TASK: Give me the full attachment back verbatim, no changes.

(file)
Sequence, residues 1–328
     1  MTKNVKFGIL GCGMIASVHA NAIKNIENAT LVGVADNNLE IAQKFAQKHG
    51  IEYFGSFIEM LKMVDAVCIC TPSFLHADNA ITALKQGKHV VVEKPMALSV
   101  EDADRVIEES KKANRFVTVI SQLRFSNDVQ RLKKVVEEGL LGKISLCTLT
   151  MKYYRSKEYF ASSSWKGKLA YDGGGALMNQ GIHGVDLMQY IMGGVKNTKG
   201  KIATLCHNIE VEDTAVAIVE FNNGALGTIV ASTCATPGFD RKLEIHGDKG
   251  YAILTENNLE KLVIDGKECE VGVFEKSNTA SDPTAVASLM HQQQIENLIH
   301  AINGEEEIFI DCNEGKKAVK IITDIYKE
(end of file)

Sequence, residues 1–328
     1  MTKNVKFGIL GCGMIASVHA NAIKNIENAT LVGVADNNLE IAQKFAQKHG
    51  IEYFGSFIEM LKMVDAVCIC TPSFLHADNA ITALKQGKHV VVEKPMALSV
   101  EDADRVIEES KKANRFVTVI SQLRFSNDVQ RLKKVVEEGL LGKISLCTLT
   151  MKYYRSKEYF ASSSWKGKLA YDGGGALMNQ GIHGVDLMQY IMGGVKNTKG
   201  KIATLCHNIE VEDTAVAIVE FNNGALGTIV ASTCATPGFD RKLEIHGDKG
   251  YAILTENNLE KLVIDGKECE VGVFEKSNTA SDPTAVASLM HQQQIENLIH
   301  AINGEEEIFI DCNEGKKAVK IITDIYKE